1 - Executive Summary
Political momentum around coding skills development is becoming increasingly strong in Europe and worldwide. Numerous initiatives to promote and teach coding are led by national governments, private and non-governmental stakeholders and academia; the European Commission also takes an active role in these endeavours. In order to ensure that these skills are developed in a consistent and high-quality manner, a standardised approach is needed. This paper consists of three key parts: first, it clarifies the terminology around coding, programming, computer
science, computing and digital literacy; second, it provides an overview of various approaches to coding skills development in different countries; third, it suggests that every child should have an opportunity to learn the essentials of computing and that coding should be taught as part of computing. This paper calls for a unified approach to digital
skills development that would encompass digital literacy as well as computing.
2 Defining the Terms
Coding, programming, computer science, computing and computational thinking: all of these terms are often used interchangeably to discuss digital skills development. In order to clarify these terms, we
will use the existing working definitions provided below.
Computer programming is the process of developing and implementing various sets of instructions to enable a computer to perform a certain task, solve problems, and provide human interactivity. These instructions (source codes which are written in a programming language) are considered computer programs and help the computer to operate smoothly.
Coding on a technical level is a type of computer programming that closely represents what happens at the lowest (machine) level. However, when most people talk about coding, they usually mean something at a higher, more human-readable level. The terms programming and coding are usually used interchangeably (they are also used as synonyms in this paper).
Informatics is defined as the study of the representation, processing and communication of information in natural and engineered systems. It has computational, cognitive and social aspects. Informatics encompasses a number of existing academic disciplines including artificial intelligence, cognitive science and computer science. Thus, in English-language texts, informatics is a broader concept than computer science. However, in other languages the term informatics is used interchangeably with computer science: in German, Informatik; in French, informatique; and in Italian, informatica.
Computer science is an academic discipline covering principles such as algorithms, data structures, programming, systems architecture, design, problem solving, etc. Computer science encompasses foundational principles (such as a theory of computation) and widely applicable ideas and concepts (such as the use of relational models to capture structure in data).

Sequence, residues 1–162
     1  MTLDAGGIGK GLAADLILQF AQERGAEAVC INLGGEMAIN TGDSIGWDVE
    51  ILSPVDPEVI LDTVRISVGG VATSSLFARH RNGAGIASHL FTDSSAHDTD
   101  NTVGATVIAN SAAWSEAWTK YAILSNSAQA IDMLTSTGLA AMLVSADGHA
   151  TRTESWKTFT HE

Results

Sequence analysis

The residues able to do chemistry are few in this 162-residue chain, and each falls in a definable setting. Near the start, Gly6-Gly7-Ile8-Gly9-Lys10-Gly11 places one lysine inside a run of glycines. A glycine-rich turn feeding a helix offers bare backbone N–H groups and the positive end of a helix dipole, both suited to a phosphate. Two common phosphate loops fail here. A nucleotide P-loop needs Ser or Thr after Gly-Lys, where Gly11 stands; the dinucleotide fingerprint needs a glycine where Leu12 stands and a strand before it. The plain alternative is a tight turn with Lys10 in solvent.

Computing is the term which in digital skills debate is often used interchangeably with the term ‘computer science’. In this paper, we also use these terms as synonyms: Defining the terms, computer science/computing and digital literacy). In the UK, computing is defined as a broad subject area that encompasses both computer science and digital literacy.
Computational thinking is a problem solving process which lies at the heart of computer science. Computational thinking involves formulating problems in a way that enables the use of a computer to solve them; logically organising and analysing data, representing data through abstractions, automating solutions through algorithmic thinking; identifying, analysing, and implementing possible solutions with the goal of achieving the most efficient and effective combination of steps and resources; generalising and transferring this problem solving process to a wide variety of problems, etc.
Digital literacy – basic set of skills required to participate in essential ICT user activities. Typical skills would include the ability to work with numbers and documents (software such as word processors and spreadsheets) and the ability to use a web browser, e-mail and internet search engines securely and effectively.
These definitions outline two different digital skills areas – computing/computer science and digital literacy. Both of them should be developed in formal education. Digital literacy skills are as important as reading and writing — it is necessary to possess them in order to access all the subjects taught across the curriculum. Programming/coding is among the key elements such as algorithms and systems architecture that together form the academic discipline of computer science.
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